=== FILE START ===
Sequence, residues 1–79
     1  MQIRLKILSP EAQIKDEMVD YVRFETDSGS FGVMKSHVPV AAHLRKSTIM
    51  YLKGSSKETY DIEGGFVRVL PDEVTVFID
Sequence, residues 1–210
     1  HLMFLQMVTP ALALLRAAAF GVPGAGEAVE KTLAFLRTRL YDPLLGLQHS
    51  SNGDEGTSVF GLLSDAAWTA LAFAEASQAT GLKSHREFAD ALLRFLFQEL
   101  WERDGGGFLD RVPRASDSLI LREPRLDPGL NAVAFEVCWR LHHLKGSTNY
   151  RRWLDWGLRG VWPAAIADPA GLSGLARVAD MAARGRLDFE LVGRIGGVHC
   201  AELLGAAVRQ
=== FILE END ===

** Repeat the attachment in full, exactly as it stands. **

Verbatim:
Sequence, residues 1–79
     1  MQIRLKILSP EAQIKDEMVD YVRFETDSGS FGVMKSHVPV AAHLRKSTIM
    51  YLKGSSKETY DIEGGFVRVL PDEVTVFID
Sequence, residues 1–210
     1  HLMFLQMVTP ALALLRAAAF GVPGAGEAVE KTLAFLRTRL YDPLLGLQHS
    51  SNGDEGTSVF GLLSDAAWTA LAFAEASQAT GLKSHREFAD ALLRFLFQEL
   101  WERDGGGFLD RVPRASDSLI LREPRLDPGL NAVAFEVCWR LHHLKGSTNY
   151  RRWLDWGLRG VWPAAIADPA GLSGLARVAD MAARGRLDFE LVGRIGGVHC
   201  AELLGAAVRQ